Shell Oil Refinery, Martinez

By Jin Zhu, SFSU, 2017

In 1914, Shell Oil Company built a refinery in Martinez, CA for its undeveloped land and accessibility to transportation and a body of water to help the refinery process [1].The environment and residents of Martinez suffer as a result of negligence from Shell and, in turn, are bearing the cost of the energy system. They suffer from bad air quality, environmental damages, and other issues caused by the oil refinery[7]. Those who benefit from the refinery include those who use the products Shell produces (gas, diesel, lubricants, plastic, and jet fuel).The case of Shell Oil and the Martinez community is an example of environmental classism,Oil Colonialism, and a sacrifice zone.

Martinez Shell Oil Refinery  in the morning

Environmental Classism
Environmental classism is classification of how environmental amenities are distributed, weather good or bad. The housing market is continuing to expand to other parts of the bay area including Martinez[8]. In the Census of the bay area Martinez is considered a cheaper place to live compared to San Francisco[8]. The ratio of housing cost is rapidly rising and living wage is slowly rising , causing residents of the Bay Area to move to lower cost housing and commuting into work by public transportation or private vehicles[8].With the lure of cheap housing in the Bay Area and public transportation being a pull factor, laborers were drawn to the area for employment without realizing how the environmental factors for the neighborhood will negatively impact their health, environment, and overall quality of living – i.e. poor air quality.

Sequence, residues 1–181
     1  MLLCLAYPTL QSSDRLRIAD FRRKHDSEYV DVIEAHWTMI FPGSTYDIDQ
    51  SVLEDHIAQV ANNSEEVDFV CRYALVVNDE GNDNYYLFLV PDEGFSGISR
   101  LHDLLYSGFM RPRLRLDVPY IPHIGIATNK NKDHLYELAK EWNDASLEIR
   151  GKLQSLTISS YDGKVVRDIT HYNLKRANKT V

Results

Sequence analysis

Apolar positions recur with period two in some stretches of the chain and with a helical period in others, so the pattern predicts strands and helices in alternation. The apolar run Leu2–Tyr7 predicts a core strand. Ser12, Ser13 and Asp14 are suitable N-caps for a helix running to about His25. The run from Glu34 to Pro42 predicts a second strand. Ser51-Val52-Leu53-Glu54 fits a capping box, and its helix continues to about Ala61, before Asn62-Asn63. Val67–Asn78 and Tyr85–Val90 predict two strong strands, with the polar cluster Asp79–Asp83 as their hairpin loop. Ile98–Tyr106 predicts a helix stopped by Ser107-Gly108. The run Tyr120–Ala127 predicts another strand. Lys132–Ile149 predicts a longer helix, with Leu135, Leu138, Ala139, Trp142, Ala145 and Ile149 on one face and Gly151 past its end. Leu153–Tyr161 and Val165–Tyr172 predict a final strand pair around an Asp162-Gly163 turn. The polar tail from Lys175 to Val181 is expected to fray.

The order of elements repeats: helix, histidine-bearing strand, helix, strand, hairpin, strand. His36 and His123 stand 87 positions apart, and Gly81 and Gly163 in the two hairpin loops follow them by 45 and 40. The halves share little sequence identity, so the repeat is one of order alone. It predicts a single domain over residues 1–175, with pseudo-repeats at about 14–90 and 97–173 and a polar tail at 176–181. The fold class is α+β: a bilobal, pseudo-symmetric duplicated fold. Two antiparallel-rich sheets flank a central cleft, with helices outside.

On Monday, the Shell refinery in Martinez had a small fire in the light-oil processing unit. Less than a day later, a sour aroma from the refinery prompted hazardous materials teams to investigate. Photo: Brant Ward, The Chronicle
Small fire above a processing unit of the Shell Martinez Refinery , giving off pollution and harmful chemicals

Oil Colonialism
Oil Colonialism is taking advantage of an area for resources that can be exploited without giving anything in return. Many incidents occurred in large-scale operations due to the lack of personnel interest and negligence of Shell to maintain and upgrade the refinery [7]. On April 2, 1996, residents witnessed plumes of smoke and flames in the sky, accompanied by loud “BOOM” from an explosion at the refinery that could be seen in Oakland, located 25 miles away[2]. At this point, such occurrences have become an unfortunate norm for Martinez. One resident described it as “nightlife” in Martinez, to park their car, grab a drink, and watch the “fireballs” [2].The residents of Martinez suffer from oil colonialism by being exploited for the land and laborers despite not receiving the benefits from the refinery.Instead they bear the environmental damages and harmful chemicals in their living environment[2].

Image result for martinez shell refinery fire
Very well lit Martinez Shell Refinery at night (Looks like Disneyland)